Research suggests such a design will generate more energy for each unit of power it uses, than the more commonly used doughnut-shaped tokamak – the design that CFS and others are using.
“The real challenge is commercial fusion. And that’s really what’s driving us, why we’re focusing on the spherical tokamak because of the long-term commercial advantages,” says Dr. David Kingham, one of the founders of Tokamak Energy and currently executive vice-chairman.
“We think our technology will be deployable in a fusion pilot plant in the early 2030s,” he says. “I think it will be a global race. There are interesting private ventures in the States. And we will be in a race with them.”
The promise of a working fusion reactor has been around for decades (and always will be, so the old joke goes).
The biggest project is underway in southern France where a consortium of nations are building ITER, a giant reactor that has, so far, cost billions of pounds to build and is running years behind its original schedule.
Hardly surprising when you are trying to contain the pressures and temperatures that occur inside stars.
However, more compact designs like those planned by Tokamak Energy and CFS are attracting private investors, who are betting they will be viable commercial propositions.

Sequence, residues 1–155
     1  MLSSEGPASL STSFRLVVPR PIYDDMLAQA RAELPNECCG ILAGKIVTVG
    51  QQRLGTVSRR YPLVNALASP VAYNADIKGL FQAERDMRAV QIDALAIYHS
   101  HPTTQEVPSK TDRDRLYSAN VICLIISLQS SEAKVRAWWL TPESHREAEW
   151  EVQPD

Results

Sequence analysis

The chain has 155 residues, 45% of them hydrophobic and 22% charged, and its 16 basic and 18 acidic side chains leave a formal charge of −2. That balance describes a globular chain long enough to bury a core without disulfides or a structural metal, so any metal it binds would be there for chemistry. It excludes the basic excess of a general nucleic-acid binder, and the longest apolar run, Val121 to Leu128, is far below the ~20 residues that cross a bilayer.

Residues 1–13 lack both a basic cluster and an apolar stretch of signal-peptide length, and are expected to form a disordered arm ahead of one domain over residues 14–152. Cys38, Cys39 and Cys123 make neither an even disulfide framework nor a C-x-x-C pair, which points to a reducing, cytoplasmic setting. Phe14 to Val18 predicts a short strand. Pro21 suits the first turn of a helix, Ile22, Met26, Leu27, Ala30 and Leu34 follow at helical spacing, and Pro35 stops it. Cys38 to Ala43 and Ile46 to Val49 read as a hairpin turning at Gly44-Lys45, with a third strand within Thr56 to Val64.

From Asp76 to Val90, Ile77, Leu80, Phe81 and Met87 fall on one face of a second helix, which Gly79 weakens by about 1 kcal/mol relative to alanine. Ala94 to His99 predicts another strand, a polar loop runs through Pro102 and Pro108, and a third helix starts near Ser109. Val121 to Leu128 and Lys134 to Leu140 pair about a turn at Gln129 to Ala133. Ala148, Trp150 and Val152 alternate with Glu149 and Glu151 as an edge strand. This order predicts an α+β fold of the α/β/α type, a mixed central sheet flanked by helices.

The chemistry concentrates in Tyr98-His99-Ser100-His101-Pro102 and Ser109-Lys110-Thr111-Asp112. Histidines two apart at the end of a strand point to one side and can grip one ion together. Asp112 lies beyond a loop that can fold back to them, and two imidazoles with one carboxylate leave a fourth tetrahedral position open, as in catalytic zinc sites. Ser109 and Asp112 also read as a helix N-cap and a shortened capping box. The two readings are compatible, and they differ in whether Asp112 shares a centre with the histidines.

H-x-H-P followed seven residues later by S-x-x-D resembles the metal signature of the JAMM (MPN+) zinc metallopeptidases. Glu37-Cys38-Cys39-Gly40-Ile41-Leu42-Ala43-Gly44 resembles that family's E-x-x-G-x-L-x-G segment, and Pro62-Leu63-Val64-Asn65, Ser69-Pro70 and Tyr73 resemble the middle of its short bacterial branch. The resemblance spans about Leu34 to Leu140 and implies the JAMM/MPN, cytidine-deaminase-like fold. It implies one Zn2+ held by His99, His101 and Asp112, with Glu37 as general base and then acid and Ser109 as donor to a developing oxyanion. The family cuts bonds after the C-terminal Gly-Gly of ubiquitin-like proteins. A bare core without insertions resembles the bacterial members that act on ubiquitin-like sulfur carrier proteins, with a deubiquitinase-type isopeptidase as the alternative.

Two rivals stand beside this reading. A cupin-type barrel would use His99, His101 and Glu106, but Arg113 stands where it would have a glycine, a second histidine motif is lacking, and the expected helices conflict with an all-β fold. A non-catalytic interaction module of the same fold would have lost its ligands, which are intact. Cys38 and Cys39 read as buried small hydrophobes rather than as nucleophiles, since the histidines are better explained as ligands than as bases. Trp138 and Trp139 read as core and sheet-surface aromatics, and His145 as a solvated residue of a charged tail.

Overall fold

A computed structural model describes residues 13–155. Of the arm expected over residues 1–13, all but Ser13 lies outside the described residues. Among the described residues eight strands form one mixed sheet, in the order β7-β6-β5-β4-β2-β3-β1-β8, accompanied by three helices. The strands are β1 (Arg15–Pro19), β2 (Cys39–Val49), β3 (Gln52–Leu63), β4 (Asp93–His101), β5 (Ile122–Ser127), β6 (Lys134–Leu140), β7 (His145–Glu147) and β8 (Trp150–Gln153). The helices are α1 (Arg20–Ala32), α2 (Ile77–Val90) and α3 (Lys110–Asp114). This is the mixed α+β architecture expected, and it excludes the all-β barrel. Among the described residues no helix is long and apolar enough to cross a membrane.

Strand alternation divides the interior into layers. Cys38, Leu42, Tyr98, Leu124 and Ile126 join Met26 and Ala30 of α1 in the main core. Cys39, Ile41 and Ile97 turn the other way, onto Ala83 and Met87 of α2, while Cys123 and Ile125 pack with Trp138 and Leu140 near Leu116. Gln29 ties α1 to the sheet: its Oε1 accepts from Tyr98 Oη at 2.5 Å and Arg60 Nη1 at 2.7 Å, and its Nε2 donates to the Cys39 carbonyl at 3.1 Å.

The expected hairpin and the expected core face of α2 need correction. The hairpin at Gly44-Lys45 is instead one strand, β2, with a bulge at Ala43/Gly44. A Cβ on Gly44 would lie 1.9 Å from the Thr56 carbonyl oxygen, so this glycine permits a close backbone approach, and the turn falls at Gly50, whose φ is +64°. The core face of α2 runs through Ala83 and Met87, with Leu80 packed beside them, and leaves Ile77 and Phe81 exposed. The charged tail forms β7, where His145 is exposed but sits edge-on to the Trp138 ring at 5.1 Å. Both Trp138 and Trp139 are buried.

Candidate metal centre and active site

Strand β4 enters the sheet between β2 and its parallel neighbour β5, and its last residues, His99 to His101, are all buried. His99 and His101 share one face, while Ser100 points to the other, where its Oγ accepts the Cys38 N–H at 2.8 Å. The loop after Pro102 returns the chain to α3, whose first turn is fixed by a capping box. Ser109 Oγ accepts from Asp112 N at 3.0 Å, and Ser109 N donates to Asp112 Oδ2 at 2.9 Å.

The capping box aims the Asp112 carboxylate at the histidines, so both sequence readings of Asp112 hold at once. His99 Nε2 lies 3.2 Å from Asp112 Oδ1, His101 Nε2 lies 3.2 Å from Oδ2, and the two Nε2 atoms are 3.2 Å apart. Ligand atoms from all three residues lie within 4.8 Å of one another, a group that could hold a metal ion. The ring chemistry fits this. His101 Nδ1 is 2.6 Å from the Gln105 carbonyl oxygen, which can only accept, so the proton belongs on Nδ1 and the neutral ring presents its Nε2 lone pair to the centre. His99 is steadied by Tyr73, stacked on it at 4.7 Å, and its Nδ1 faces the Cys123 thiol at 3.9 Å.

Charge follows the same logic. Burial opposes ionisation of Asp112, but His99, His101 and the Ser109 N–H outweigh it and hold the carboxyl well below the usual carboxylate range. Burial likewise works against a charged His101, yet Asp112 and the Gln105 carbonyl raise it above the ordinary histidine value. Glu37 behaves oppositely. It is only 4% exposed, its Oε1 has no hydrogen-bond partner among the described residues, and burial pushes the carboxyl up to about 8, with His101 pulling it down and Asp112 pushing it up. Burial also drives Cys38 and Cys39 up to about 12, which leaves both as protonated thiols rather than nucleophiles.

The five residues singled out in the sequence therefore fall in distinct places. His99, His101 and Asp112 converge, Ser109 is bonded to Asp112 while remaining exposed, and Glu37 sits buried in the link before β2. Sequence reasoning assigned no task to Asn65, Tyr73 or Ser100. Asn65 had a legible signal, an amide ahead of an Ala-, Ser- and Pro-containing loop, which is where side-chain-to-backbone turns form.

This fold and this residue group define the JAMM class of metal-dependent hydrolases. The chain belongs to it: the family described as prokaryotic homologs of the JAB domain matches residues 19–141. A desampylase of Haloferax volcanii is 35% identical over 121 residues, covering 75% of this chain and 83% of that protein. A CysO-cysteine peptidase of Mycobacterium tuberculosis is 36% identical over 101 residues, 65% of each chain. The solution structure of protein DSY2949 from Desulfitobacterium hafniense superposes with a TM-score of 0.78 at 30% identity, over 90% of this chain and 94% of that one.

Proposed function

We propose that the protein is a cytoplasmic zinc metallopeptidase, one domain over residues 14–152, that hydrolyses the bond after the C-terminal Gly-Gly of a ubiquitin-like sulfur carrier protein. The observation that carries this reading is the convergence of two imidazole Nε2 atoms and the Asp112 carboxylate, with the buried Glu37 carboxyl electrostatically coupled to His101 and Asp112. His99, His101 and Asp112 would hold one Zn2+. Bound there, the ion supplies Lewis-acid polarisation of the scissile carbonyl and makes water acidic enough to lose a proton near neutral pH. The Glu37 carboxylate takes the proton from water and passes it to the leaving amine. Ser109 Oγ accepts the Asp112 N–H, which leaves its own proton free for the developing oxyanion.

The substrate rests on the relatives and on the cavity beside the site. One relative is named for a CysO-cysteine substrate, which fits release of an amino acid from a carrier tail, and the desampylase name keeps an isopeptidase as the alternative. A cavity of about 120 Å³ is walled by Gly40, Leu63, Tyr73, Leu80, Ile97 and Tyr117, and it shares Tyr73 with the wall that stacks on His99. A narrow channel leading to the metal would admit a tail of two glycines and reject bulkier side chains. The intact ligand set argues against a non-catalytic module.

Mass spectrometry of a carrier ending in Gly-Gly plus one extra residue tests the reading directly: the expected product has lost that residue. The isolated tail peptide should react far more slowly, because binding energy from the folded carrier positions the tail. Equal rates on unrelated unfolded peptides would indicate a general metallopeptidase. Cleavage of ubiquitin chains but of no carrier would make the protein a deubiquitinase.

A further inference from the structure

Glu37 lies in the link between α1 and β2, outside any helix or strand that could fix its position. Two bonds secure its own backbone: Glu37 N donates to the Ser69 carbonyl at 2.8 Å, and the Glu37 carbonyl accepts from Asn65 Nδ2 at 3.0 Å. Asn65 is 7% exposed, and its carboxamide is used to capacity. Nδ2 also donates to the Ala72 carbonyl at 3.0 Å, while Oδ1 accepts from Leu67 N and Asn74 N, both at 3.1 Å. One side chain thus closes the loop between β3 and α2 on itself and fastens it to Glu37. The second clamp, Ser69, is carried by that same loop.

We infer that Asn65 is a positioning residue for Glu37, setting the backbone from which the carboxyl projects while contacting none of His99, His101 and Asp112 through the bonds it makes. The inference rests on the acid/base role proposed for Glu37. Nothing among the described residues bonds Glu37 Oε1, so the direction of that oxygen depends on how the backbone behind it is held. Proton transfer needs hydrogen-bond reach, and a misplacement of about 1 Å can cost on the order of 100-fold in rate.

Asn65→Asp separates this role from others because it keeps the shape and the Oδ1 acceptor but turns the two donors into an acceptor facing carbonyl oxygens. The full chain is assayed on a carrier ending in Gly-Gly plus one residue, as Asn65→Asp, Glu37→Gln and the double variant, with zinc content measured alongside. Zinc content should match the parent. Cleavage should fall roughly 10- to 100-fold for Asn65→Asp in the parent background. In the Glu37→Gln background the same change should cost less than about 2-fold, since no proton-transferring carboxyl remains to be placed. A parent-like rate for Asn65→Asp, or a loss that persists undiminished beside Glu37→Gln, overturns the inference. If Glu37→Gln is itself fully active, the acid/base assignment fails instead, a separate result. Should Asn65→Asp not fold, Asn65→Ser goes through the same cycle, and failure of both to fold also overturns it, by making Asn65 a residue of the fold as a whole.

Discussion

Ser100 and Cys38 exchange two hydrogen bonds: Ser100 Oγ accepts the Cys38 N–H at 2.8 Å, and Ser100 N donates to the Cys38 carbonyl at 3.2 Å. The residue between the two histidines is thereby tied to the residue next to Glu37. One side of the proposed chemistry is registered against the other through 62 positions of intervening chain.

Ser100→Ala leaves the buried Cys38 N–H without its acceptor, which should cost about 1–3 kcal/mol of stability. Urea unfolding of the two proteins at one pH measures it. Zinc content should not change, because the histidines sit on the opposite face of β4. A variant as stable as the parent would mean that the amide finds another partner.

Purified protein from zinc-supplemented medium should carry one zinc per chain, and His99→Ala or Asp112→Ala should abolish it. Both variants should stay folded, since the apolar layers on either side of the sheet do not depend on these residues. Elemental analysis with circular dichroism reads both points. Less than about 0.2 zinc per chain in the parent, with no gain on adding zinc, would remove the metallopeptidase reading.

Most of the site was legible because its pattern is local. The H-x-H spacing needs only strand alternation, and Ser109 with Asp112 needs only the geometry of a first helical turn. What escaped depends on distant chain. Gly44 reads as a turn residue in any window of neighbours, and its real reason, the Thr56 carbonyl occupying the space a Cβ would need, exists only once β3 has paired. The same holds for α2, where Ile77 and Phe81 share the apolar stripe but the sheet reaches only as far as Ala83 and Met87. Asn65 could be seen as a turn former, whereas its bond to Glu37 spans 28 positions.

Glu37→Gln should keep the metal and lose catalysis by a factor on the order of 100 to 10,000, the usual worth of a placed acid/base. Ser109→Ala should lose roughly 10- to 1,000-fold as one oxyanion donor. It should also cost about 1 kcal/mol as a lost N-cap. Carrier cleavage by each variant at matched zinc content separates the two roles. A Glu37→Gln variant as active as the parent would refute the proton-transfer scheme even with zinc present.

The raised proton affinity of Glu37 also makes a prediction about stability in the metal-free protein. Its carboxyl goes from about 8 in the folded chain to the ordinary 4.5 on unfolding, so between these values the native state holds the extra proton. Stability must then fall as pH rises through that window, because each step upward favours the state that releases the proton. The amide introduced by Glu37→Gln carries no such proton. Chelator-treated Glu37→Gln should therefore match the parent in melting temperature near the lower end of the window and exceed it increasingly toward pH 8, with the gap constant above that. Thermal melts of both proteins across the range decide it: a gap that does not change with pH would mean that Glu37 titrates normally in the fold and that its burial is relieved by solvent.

Dr. Wal van Lierop founded his venture capital firm, Chrysalix, 20 years ago and, since 2008, has invested tens of millions of dollars in Canadian firm General Fusion.
Historically, he says, the fusion industry has struggled to raise finance, in part because so much money has been sunk into ITER, but that is all changing.
“I see more money being invested, more interest, and people are starting to realise that this is a very big platform technology and that it is not any longer something that may or may not work by 2050.”
Dr van Lierop points out that the potential prize is huge. The global electricity market is worth around $3 trillion (£2.15tn) a year and is only likely to get bigger.
“If this [fusion] is successful, this will open up the largest industry transition that we have ever seen.”
Back at the coal face (or perhaps plasma face), Dr. Brittles confesses that there is still a lot of engineering work to be done, but he is confident.
“We’re working hard to tackle lots of challenges that could trip us up at any point. But from where we sit, there’s nothing that stands in the way that I think is a showstopper.”